Remus relates how it seemed impossible that he would get to study at Hogwarts School of Witchcraft and Wizardry, until a headmaster came to the school who believed in giving people second chances, believed in trusting people, believed in the power of love. Albus Dumbledore allowed Remus Lupin into Hogwarts, and he devised a way for Lupin to be protected—from himself and others—when his monthly transformation took place. Dumbledore thought carefully about the situation, about Lupin’s affliction and needs, and he took steps to make sure that Lupin would not destroy others or himself when he became a werewolf.
Lupin goes on to relate how as the years of his schooling passed, his “three great friends” did something for him that made his painful transformations “not only bearable, but the best times” of his life.
What could his friends have done for him?
First, when his friends learned his secret, they didn’t reject him. From there, his friends began to explore ways to care for him, ways to enter into his experience, ways to be in his life in his moment of need, to walk with him through the trial.
Lupin’s friends worked for three years to perfect the complex magic necessary to transform themselves into animals that would not be hurt by a werewolf. They did that so they could keep Lupin company, so they could protect him from himself, so they could keep him from hurting others, and they did it because they were his friends.
Lupin says, “Under their influence, I became less dangerous. My body was still wolfish, but my mind seemed to become less so while I was with them.”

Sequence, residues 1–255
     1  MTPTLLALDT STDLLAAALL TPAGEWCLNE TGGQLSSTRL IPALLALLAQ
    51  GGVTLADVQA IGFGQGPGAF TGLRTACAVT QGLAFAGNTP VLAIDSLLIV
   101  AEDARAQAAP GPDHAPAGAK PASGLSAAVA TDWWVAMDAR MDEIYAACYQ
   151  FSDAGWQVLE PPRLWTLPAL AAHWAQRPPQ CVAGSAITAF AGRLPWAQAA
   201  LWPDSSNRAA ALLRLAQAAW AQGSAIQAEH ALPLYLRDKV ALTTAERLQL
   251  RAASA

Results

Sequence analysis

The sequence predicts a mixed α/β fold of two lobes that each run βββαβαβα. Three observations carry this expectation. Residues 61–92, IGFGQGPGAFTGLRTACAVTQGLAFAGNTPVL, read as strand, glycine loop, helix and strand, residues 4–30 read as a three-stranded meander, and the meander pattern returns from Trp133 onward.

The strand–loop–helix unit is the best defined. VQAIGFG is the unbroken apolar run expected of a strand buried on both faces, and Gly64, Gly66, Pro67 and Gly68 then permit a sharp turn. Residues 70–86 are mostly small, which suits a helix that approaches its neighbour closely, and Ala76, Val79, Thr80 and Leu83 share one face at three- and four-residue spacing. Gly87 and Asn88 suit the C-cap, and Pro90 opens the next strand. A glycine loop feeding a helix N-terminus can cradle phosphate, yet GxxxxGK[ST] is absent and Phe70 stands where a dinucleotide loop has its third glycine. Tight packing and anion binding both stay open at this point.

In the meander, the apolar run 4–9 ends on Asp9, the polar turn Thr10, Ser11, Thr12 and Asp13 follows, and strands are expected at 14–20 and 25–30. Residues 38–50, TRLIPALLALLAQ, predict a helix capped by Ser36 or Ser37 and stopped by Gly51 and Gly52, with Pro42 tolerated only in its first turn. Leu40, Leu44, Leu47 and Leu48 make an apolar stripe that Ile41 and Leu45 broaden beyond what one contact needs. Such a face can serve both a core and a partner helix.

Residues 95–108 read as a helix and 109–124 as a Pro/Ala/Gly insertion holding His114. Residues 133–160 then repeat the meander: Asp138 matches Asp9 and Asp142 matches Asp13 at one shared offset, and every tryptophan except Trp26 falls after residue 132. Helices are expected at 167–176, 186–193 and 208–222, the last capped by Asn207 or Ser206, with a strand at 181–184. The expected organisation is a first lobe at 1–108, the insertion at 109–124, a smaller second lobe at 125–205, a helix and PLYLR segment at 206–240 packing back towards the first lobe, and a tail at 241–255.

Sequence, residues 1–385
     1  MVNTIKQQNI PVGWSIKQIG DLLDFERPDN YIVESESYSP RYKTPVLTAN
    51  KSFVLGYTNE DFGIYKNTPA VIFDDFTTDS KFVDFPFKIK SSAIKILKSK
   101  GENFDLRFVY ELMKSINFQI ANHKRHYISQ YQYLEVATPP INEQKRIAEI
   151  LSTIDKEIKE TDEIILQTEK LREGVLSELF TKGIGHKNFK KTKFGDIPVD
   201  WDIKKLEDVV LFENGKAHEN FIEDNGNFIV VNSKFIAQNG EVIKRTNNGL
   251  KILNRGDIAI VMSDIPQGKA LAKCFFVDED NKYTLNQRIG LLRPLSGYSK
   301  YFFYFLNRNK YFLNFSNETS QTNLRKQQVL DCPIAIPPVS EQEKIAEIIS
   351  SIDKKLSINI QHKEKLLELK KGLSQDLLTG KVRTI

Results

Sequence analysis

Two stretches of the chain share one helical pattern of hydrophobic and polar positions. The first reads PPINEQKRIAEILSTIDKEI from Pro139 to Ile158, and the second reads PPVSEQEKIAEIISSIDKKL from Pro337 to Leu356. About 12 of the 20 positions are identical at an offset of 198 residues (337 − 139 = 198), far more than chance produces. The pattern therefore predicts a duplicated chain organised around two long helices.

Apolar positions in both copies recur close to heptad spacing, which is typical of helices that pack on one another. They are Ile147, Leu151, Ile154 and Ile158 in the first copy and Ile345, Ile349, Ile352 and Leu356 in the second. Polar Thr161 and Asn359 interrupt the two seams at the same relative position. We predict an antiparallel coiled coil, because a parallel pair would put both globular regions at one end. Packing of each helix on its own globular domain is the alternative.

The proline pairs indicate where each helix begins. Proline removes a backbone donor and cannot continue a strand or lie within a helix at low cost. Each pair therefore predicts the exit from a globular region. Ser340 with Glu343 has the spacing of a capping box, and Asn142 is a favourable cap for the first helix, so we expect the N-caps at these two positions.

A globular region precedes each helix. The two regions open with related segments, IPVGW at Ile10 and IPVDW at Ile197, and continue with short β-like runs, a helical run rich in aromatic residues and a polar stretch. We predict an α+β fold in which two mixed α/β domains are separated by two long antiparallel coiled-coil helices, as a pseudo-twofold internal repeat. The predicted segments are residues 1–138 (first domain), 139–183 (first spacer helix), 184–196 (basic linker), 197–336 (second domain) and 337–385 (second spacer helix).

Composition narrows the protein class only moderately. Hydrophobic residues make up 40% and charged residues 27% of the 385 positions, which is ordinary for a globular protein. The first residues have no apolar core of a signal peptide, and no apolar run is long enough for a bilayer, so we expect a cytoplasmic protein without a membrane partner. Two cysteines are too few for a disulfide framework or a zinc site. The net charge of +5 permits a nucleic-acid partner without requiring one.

Do you know children who have been sexually abused? Did that happen to you as a child? Do you know children who have been exposed to pornography? Were you?
Consider what Rowling teaches through this powerful story. There is hope for people who have experienced things they wish had not happened, and there are steps that can and should be taken in such cases.
Notice how Dumbledore let Lupin into school, but he acknowledged that because of what had happened to Lupin, he had to take measures to restrain Lupin when he became a werewolf, measures that would protect Lupin himself and other children.
What boundaries are necessary because of what has happened in your life, or in the life of someone you love?
If you find yourself experiencing a transformation at the full moon—that is to say, if there things that happen, or that you see or hear, that cause you to experience impulses that are beyond your rationality, beyond your control—are you acknowledging your need for help in those situations?
Do you find yourself risking everything that matters most in the world to pursue some desire that most of the time you don’t want to gratify at all? Dumbledore built a place where Lupin could go to be safe at the full moon. What kind of place do you need?
Notice also that Lupin had friends who loved him—friends who knew the awful reality of his condition, friends who knew the worst about him and loved him anyway, friends who thought carefully and persistently about how to help him, friends who went to extraordinary lengths to stand by their brother who was in need.
Oh to have such friends. Oh to be such a friend.
We all need second chances. We all need boundaries. And we need one another.